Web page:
200K miles 1994, what to look for?

Discussion in 'Maintenance/Repair' started by Wigwam Jones, Sep 28, 2015.

  1. Wigwam Jones

    Wigwam Jones Newbie

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    Location:
    Southeast Michigan, USA
    Truck:
    1994 DLX
    Just bought a very clean 1994 base shortbed 22RE, power steering, automatic, no AC. 200K on odometer, truck looks well maintained, but previous owner (for the last 30k) did not replace timing chain.

    Truck runs fine, but I'm having the timing chain done immediately anyway, it's at the shop now.

    What else should I ask my mechanic to check? Tires are good, fluid levels good, truck seems tight, no rust anywhere. Brake light comes on and goes out, is that the parking brake light? Regular brakes feel fine, truck stops straight.

    Thanks!
     
  2. Strider

    Strider Member

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    Check out this link http://www.yotatech.com/f120/my-first-22re-what-should-i-do-289712/

    On these trucks the brake fluid only needs to be down a little from the full mark and the brake light comes on and goes off as you hit dips in the road and the fluid shifts. Keep it on the full mark to avoid this. If it comes on again obviously you've got a problem be it a leak or a bad sensor/switch.




    Make sure the rear wheel cylinders aren't leaking. The longer you put this off the worse it gets.
    Look at it from the back side. If you can see fluid on the backing plates or wheels it's been caught too late and there will probably be a lot o paint damage under the drums. Not to mention bad brake shoes.

    To make sure remove the drums either way. It will probably be very difficult.
    First back the E brake star adjuster off from the backside, it will help but sometimes even after that it's very difficult. After that try to pry the drums off by threading two bolts into the drum and forcing them off first.

    Sometimes the face of the drums rust to the axle faces. Spraying PB Blaster through the stud holes and letting it soak in then beat on it with a BFH can help.

    Look at it from the back side. If you can see fluid on the backing plates or wheels it's been caught too late and there will probably be a lot o paint damage under the drums.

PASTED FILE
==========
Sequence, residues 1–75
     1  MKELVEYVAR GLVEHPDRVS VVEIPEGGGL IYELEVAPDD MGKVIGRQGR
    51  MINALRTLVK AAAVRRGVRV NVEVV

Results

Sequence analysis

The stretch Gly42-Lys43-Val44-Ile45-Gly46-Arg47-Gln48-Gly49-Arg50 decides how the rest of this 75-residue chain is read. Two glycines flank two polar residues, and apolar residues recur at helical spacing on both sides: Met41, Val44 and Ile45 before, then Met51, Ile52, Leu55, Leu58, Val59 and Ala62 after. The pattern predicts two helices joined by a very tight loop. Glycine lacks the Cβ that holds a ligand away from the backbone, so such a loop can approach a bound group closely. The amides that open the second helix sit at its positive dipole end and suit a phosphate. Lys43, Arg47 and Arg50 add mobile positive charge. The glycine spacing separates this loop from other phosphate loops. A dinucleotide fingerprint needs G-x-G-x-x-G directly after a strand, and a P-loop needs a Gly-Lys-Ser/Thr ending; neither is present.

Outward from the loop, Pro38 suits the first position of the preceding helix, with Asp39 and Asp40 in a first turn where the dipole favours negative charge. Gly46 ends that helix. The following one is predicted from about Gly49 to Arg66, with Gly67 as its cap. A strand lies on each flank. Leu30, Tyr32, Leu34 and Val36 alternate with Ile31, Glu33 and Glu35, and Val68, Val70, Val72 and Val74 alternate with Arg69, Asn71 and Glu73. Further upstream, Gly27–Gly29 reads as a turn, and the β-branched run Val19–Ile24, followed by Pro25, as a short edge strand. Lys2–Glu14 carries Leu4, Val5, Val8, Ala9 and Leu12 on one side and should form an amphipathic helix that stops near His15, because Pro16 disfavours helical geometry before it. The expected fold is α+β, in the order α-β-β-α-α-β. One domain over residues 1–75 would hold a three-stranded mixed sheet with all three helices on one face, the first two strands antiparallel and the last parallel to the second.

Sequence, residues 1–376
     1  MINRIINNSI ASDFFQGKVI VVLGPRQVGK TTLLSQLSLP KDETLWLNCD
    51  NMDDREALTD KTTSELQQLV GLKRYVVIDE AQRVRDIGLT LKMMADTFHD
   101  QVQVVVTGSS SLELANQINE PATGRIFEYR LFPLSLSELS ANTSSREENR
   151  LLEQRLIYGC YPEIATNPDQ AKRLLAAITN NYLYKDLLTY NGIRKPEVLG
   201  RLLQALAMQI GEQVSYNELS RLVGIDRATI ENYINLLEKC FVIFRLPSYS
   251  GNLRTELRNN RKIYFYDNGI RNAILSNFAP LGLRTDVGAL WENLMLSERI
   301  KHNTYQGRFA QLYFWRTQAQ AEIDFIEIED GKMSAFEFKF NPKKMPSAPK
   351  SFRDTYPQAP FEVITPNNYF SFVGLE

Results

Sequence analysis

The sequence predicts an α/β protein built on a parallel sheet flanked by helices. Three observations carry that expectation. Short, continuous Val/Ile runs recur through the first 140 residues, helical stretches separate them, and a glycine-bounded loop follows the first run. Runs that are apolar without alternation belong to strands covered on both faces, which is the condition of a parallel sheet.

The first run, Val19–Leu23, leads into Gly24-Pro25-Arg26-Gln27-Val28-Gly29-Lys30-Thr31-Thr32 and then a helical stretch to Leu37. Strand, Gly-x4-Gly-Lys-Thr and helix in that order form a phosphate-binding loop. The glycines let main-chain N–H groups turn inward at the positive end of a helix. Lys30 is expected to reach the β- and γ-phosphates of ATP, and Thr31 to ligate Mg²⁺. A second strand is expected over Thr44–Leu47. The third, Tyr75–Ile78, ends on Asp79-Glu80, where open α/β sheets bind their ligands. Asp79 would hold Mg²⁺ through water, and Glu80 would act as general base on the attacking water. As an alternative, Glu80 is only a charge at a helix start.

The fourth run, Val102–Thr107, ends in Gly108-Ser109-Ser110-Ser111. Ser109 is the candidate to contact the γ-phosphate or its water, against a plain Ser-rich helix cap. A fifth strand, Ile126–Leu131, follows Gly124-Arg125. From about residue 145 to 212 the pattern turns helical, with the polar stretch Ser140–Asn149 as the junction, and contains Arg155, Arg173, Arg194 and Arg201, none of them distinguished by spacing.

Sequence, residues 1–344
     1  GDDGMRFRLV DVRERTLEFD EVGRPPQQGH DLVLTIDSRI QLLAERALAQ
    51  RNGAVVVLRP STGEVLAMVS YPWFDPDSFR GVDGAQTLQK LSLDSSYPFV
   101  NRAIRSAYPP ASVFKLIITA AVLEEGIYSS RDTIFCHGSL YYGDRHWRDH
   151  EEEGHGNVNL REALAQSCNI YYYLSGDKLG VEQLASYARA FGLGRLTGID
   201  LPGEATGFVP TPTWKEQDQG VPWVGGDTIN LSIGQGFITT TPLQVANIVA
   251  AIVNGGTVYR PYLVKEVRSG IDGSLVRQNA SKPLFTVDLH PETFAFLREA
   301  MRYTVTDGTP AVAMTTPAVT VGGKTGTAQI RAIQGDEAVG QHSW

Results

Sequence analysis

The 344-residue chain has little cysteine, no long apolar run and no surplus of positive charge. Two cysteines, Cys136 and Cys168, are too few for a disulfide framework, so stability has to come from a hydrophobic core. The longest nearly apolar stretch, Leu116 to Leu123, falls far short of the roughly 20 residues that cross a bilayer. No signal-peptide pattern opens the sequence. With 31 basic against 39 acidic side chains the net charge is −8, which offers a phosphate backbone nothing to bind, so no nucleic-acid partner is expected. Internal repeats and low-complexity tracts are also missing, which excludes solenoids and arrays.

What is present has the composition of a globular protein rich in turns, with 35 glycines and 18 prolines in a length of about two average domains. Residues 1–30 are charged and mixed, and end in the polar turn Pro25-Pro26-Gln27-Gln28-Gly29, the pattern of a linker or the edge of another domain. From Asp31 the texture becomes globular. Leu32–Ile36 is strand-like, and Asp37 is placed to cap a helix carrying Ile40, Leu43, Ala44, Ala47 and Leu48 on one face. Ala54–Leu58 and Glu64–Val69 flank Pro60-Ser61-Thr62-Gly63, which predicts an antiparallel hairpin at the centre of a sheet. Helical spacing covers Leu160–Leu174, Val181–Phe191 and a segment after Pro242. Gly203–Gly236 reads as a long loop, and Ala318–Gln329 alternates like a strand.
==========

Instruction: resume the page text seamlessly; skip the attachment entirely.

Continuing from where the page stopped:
Take the cap off the brake and clutch fluid reservoirs. If either is brown or blackish or has debris in the bottom it needs to be flushed and cleaned out.




    Since you don't know the exact history of the cooling system you may want to go through that right away. Full flush, replace, and burp it. On a 22re any air trapped in the cooling system WILL cause idle problems. Most people will get the front of the truck up as high as they can and run it till it comes up to temp with the heater slid to hot and the fan off. Wait for the coolant to drop then fill, repeat till it won't take more. Make sure the reservoir is up to the correct level and there are no leaks. Trust me when I say you don't want any cooling system problems on a 22re.
     
    Last edited: Sep 28, 2015
  3. Wigwam Jones

    Wigwam Jones Newbie

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    Thank you for the suggestions! I will certainly do that. It's at my mechanic's right now, and I'll be talking to him shortly. I will make sure he checks out the brakes thoroughly and flushes/refills the cooling system. He's a good mechanic, I've been working with him for many years; I trust him. But like going to the doctor, you have to tell them where it hurts or they may not catch the problem.
     
  4. Wigwam Jones

    Wigwam Jones Newbie

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    Location:
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    1994 DLX
    I just heard back from my mechanic. Good news and bad news, but nothing too unexpected.

    First, the truck is in generally good shape according to him. Nothing horrible, nothing damaged beyond repair. Solid frame and body, which I knew, but it's good to have confirmation from an expert.

    Front brakes are gone - rotors trashed as well. Needs front bearings repacked as well.

    Automatic transmission pan is leaking. Needs to be removed and the gasket replaced. Since we're doing that, we'll replace the filter and replace the transmission fluid of course.

    Oil pressure switch is leaking badly. Remove and replace.

    Needs tune up - possibly original plug wires, plugs shot.